Cannibals All!: Or, Slaves Without Masters
A. Morris, 1857 - 379 halaman
Southern intellectual George Fitzhugh provides a passionate defense of slavery in this nearly 400-page volume published in 1857. Further developing ideas in his previous work Sociology for the South, Fitzhugh not only defends slavery but attacks the entire liberal tradition. Attacking Adam Smith, John Locke, Thomas Jefferson and others, Fitzhugh argues that free markets are harmful to society by forcing the lower classes into crushing labor and poverty. The answer, Fitzhugh argues, is slavery--not only for blacks, but for whites as well. "Slavery," he writes, "is a form, and the very best form, of socialism."
... strength and State independence are the best guarantees of State rights ; and
that policy the wisest which most promotes the growth of State strength and
independence . G Weakness invites aggression ; strength commands respect ;
Weakness invites aggression ; strength commands respect ; hence , the Union is
safest when its separate members are best able to repel injury , or to live
indeperdently . Your attachment to Virginia has not lessened your love for the
My chief aim has been to shew , that Labor makes ' values , and Wit exploitates
and accumulates them ; and hence to deduce the conclusion that the unrestricted
exploitation of so - called free society , is more oppressive to the laborer than ...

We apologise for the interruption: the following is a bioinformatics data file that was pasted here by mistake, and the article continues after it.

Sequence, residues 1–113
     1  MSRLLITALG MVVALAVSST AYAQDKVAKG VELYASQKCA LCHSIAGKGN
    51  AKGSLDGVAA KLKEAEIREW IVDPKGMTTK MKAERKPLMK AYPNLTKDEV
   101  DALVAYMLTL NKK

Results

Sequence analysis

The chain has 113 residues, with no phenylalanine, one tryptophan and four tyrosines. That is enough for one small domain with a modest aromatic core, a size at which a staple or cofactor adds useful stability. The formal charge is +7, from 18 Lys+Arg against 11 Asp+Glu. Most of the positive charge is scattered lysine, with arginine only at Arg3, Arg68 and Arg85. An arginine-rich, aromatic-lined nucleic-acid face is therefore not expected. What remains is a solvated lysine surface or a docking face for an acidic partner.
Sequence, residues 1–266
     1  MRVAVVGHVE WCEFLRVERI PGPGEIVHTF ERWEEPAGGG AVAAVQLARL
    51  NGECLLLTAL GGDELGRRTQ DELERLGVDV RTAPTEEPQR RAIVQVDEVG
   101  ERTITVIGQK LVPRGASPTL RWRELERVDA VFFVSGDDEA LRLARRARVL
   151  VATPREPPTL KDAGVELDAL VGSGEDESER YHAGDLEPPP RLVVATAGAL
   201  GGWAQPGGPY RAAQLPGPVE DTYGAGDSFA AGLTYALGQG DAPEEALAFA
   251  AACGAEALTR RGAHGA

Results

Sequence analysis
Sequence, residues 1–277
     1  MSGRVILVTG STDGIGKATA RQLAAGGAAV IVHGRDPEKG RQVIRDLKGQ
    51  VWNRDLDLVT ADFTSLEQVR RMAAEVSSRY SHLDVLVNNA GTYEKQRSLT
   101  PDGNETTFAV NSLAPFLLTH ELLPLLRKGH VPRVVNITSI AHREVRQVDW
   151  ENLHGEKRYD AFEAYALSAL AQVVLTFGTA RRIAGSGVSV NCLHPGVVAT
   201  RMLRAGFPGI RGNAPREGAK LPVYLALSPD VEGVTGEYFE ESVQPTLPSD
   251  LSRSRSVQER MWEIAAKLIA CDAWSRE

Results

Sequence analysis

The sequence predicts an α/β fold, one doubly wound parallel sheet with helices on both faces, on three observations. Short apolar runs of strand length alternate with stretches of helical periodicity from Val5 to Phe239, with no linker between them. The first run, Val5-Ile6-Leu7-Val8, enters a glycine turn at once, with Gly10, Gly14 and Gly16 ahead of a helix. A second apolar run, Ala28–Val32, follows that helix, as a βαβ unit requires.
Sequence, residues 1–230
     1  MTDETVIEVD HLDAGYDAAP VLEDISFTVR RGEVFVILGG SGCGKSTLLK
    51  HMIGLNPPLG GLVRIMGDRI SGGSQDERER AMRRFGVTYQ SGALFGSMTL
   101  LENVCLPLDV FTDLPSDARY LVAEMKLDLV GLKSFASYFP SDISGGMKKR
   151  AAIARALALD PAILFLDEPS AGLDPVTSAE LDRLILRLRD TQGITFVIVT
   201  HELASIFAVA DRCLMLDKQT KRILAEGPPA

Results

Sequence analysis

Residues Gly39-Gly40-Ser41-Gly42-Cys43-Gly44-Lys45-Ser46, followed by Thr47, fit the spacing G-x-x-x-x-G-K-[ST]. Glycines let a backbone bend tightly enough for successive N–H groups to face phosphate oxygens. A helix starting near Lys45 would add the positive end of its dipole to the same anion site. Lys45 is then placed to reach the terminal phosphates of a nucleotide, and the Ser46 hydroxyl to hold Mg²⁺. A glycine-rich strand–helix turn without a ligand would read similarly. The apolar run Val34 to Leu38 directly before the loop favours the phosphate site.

Hence , white slave - holding is much more respectable than negro slavery - for
the master works nearly as hard for the negro , as he for the master . But you , my
virtuous , respectable reader , exact three thousand dollars per annum from ...
Hence the works of the socialists contain the true defence of slavery . Most of the
active intellect of Christendom has for the last twenty years been engaged in
analyzing , detecting and exposing the existing relations of labor , skill and
Apa yang dikatakan orang - Tulis resensi
LibraryThing ReviewUlasan Pengguna - ColeSimmons - LibraryThing
Insightful commentary into the meaning of labor and its relation to capital. Fitzhugh proves himself a more than capable defender of the antebellum South while offering a damning critique of values we now take for granted in the modern world. Baca ulasan lengkap
LibraryThing ReviewUlasan Pengguna - heidilove - LibraryThing
i love this. it's a primary source in its own right for the antebellum period, but still is meaningful today for those of us trapped in the corporate culture we inherited after the industrial revolution. a fresh perspective on work and society. Baca ulasan lengkap